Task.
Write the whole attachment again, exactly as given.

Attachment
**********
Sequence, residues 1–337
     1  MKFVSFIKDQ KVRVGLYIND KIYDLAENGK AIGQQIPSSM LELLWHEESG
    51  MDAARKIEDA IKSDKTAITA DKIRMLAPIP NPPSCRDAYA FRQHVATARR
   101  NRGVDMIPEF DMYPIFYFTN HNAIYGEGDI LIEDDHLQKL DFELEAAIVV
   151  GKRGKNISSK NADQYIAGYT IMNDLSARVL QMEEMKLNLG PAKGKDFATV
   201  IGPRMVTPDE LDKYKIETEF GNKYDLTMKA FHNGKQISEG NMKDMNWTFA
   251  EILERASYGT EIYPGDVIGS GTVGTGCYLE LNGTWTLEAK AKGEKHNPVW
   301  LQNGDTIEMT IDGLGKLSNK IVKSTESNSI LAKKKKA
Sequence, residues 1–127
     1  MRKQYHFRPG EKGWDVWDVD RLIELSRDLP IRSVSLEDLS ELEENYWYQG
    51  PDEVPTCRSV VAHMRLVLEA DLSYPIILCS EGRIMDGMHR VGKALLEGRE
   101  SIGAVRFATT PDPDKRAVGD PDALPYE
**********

Sequence, residues 1–337
     1  MKFVSFIKDQ KVRVGLYIND KIYDLAENGK AIGQQIPSSM LELLWHEESG
    51  MDAARKIEDA IKSDKTAITA DKIRMLAPIP NPPSCRDAYA FRQHVATARR
   101  NRGVDMIPEF DMYPIFYFTN HNAIYGEGDI LIEDDHLQKL DFELEAAIVV
   151  GKRGKNISSK NADQYIAGYT IMNDLSARVL QMEEMKLNLG PAKGKDFATV
   201  IGPRMVTPDE LDKYKIETEF GNKYDLTMKA FHNGKQISEG NMKDMNWTFA
   251  EILERASYGT EIYPGDVIGS GTVGTGCYLE LNGTWTLEAK AKGEKHNPVW
   301  LQNGDTIEMT IDGLGKLSNK IVKSTESNSI LAKKKKA
Sequence, residues 1–127
     1  MRKQYHFRPG EKGWDVWDVD RLIELSRDLP IRSVSLEDLS ELEENYWYQG
    51  PDEVPTCRSV VAHMRLVLEA DLSYPIILCS EGRIMDGMHR VGKALLEGRE
   101  SIGAVRFATT PDPDKRAVGD PDALPYE